Monday, September 1st, 2014

Syracuse basketball: They are who we thought they were

Published on March 5, 2013 by   •   Discussion
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Syracuse fans can be a fickle breed. If there is anything this year’s football and basketball seasons have taught us, it’s that when the teams are winning we think they’re awesome, and when they’re losing we think they suck. There is no middle ground.

That’s why it comes as no surprise that talk of title contention during the basketball team’s 18-1 start has quickly turned to talk of how they’ll be bounced in the first round of the tournament after the recent three-game losing streak.

providence5

Irvine: Syracuse is still the same team

We’ve thought up qualitative explanations, whether it’s the crisis of leadership, the lack of a “go-to” guy, or the lack of mental toughness. Looking at the team, all seem fairly reasonable.

But, as Boeheim is quick to remind us, this is the same team that started 18-1. It’s also the same team that he was quick to say wasn’t quite as good as everyone thought during that hot start.

» More from Jeff Irvine: Sharing the ball leads to success

Syracuse has a baseline of talent, and chances are that it hasn’t changed significantly over the course of the season, let alone the last three games. The variations in results we see on the court have much more to do with the talent level of the opposing team.

Also, much as us fans and commentators might hate to admit it, there’s a lot of luck involved in a college basketball game. Bad calls can change the way the game is headed just as much as a bad bounce.

While we’re quick to forget those things when we’re screaming at the TV, they raise the question: has Syracuse really been doing any worse than we should have expected?

Let’s explore this question in pictures.

The chart below compares Syracuse’s margin of victory to the ranking of their opponent (an average of RPI, BPI and KenPom) for all Big East games. As you can see, based purely on the skill of the opponent, each of the last three games Syracuse played (red squares) should have been close, and, in fact, they would be expected to lose all of them.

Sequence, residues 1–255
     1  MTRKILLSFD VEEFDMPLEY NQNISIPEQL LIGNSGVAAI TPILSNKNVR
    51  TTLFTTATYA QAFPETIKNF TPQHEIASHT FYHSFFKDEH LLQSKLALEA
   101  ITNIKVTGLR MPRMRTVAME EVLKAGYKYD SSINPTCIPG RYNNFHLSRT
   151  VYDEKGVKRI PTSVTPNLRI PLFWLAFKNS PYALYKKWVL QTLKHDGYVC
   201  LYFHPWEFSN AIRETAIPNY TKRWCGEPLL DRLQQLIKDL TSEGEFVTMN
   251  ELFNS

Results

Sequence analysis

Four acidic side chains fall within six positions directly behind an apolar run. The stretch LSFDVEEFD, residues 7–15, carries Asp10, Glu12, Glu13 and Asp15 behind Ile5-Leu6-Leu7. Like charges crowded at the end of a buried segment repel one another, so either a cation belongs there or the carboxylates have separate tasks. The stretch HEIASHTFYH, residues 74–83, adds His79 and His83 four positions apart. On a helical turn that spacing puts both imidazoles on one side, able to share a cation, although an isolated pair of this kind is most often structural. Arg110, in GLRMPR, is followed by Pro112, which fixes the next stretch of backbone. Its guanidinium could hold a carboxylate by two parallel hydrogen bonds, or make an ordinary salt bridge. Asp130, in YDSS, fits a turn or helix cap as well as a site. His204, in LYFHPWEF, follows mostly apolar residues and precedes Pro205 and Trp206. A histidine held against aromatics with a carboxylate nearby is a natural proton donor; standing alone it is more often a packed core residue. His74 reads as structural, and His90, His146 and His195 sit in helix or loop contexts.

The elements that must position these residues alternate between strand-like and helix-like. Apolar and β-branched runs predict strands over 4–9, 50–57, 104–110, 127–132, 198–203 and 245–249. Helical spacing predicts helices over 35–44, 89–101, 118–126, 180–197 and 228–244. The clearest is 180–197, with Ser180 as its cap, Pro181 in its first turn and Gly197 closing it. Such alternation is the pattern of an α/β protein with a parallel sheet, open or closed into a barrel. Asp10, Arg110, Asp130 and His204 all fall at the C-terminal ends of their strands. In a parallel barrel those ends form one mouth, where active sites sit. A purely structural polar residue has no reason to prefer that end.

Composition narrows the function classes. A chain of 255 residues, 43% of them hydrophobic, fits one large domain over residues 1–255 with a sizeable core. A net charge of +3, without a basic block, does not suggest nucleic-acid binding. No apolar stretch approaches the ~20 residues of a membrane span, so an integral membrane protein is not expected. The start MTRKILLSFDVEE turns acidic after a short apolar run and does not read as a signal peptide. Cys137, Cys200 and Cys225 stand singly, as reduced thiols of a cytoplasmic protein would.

Chart1

There is, of course, some margin of error, and you would expect to see variations based on random bounces, refereeing and other extraneous factors. That is how we can explain the win at Louisville, which is the green square that sits above the trend line.

But what about accounting for the fact that some games are played at home and some on the road? Against the three Big East teams that Syracuse has played at home and on the road (Louisville, Providence and Villanova), the average swing is +13.67 at home. This seems way too high to me, and is likely due to the small sample, so I’ve created an adjusted margin to normalize the outcomes that provides -5 to home margins and +5 to road margins.

» Related: A statistical analysis of Syracuse in close games

As you can see in the chart below, this adjusted margin correlates even better with the average rank of the opponent. It suggests that Syracuse somewhat under-performed in home losses to Louisville and Georgetown but somewhat over-performed in the close road loss to Marquette.

Chart2

But the point of all this is not to get into what “should” have happened. The point is that Marquette, Georgetown and Louisville are all good teams and we should have expected the games to be close, based on SU’s talent level this year. The fact that they ended up losing all three can be explained by some unlucky bounces, a few bad calls, and some boneheaded plays that were just as likely to happen in SU’s wins as its losses.

If you start to get into talking about how these losses were a failure in leadership or a lack of mental toughness, you need to explain why this failure in leadership and lack of mental toughness caused Syracuse to over-perform in its win at Louisville. Or why those traits caused them to pull out a close win against Cincinnati, almost exactly was we should have expected. Or why the team so drastically over-performed against Notre Dame.

» Related: Syracuse needs more from Brandon Triche

The last thing I’d like to point out is that these types of correlations exist for more than just margin of victory. Take defense, for example. Georgetown and Louisville are both really good at defense, and thus we would expect Syracuse to produce fewer points per possession. That’s exactly what the chart below shows, with the two red squares in the bottom left representing those games.

Chart3

Come tournament time, Syracuse will go about as far as their talent level will take them. This is the same talent level they’ve had all year. That should excite you. If there’s one thing that Syracuse has proven this season, it’s that it can beat anyone. We’ll just need some bounces to go our way.

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